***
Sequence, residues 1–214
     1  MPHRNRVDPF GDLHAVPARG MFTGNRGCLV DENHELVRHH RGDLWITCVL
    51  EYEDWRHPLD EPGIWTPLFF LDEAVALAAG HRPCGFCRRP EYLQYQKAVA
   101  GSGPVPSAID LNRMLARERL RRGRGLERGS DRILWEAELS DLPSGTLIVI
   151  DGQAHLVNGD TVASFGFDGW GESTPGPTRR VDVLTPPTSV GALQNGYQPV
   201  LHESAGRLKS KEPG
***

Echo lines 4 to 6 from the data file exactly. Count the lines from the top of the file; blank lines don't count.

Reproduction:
   101  GSGPVPSAID LNRMLARERL RRGRGLERGS DRILWEAELS DLPSGTLIVI
   151  DGQAHLVNGD TVASFGFDGW GESTPGPTRR VDVLTPPTSV GALQNGYQPV
   201  LHESAGRLKS KEPG